Imagine asking one of your classes a deep, but deceptively-simple, question. Have them judge each others’ answers anonymously, give their reasons for the judgements, then assess the reasons as well. At the end of the process you get a mark. Automatically.
No exercise books, no late-night marking sessions. Just high-quality formative assessment. Empowered, gamified, peer-supported learning that just works.
Now imagine running this lesson with an Ofsted inspector in your classroom. Think they’d be impressed? So do I.
So you can try SPA for yourself, I have created this set of demonstration exercises you can assign to your students. It costs nothing so give it a go.
Here are a few examples of SPA questions. Add your own!
- You are a serf in a Norman village. Describe your day.
- Where would you rather live – Singapore or Dubai? Why?
- How could you use a barometer to determine the height of a tower?
- Why can a cheetah run faster than a gazelle?
- Explain why metals are sometimes defined as plasmas.
- How would you measure the volume of a dog?
SPA is a technology we patented several years ago and have been quietly working on ever since. This is the first time we’ve had it available in the main Yacapaca interface.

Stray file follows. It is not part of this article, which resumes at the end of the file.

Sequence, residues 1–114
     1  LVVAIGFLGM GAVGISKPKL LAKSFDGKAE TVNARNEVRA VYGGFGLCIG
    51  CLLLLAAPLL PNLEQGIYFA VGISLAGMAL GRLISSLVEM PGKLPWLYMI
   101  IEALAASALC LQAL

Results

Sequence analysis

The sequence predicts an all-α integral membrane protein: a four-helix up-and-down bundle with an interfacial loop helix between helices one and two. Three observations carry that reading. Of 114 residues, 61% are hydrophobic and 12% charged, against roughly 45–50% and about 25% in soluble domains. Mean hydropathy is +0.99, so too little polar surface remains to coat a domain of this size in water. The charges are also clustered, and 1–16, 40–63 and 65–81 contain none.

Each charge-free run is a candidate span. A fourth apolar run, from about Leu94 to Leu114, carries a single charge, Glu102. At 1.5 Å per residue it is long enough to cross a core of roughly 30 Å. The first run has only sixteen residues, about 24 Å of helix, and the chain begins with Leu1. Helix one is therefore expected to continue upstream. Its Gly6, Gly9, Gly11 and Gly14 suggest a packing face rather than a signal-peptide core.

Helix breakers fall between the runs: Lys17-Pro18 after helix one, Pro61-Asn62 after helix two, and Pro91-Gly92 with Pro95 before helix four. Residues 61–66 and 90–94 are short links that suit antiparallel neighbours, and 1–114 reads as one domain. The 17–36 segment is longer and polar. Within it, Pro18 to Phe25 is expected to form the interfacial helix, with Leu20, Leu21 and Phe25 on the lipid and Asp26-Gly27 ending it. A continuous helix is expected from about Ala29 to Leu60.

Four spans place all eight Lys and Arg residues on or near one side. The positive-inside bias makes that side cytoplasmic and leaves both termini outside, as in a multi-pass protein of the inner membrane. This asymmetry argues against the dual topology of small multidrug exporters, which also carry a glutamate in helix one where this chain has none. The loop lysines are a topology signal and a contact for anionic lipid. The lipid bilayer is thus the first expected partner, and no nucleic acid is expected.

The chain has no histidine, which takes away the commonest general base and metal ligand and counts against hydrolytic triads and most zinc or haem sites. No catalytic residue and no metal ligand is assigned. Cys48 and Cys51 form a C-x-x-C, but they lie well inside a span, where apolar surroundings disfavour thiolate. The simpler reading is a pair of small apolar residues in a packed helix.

My thanks to Beth Evans, of The Queen Elizabeth’s High School, Gainsborough for this idea.
Beth wrote “I did screen shot one question that came up whilst I was testing a quiz I had written and used it as a plenary to the previous* lesson as part of the critera setting for the next task.”
* I think this should have been “next”.
This is a fantastic idea. It should be easy to train your students to screenshot particularly challenging choices and Continue reading
I believe I can now truthfully claim that Yacapaca is the only true formative assessment service for schools.
Here’s how our new peer-written formative assessment process works:
1. After approximately one question in ten, students are presented with the screen below. They are asked to write a feedback statement for other students, in 150 characters or less – the size of an SMS or a tweet. They only see this screen if they got the answer right, and it is not compulsory – there is always the option to skip this activity.
The requirement to write for other students seems to trigger Continue reading
I am sure you have already noticed the “write a feedback statement” pages that we salt through quizzes now. We ask students to write feedback statements and then vote for the best ones. Until now, you have only been able to see the few statements that I have published here in the blog. Now, you get a complete log.
Access the log via More -> Feedback statement log
It is really interesting to Continue reading
It’s coming up to lunchtime on the first day of our peer feedback experiment, and I’m incredibly excited at how well it is going. We have had about 1000 peer-written statements in so far and I wanted to share some of the best of them with you. If the authors of these are your students, you have the right to feel proud.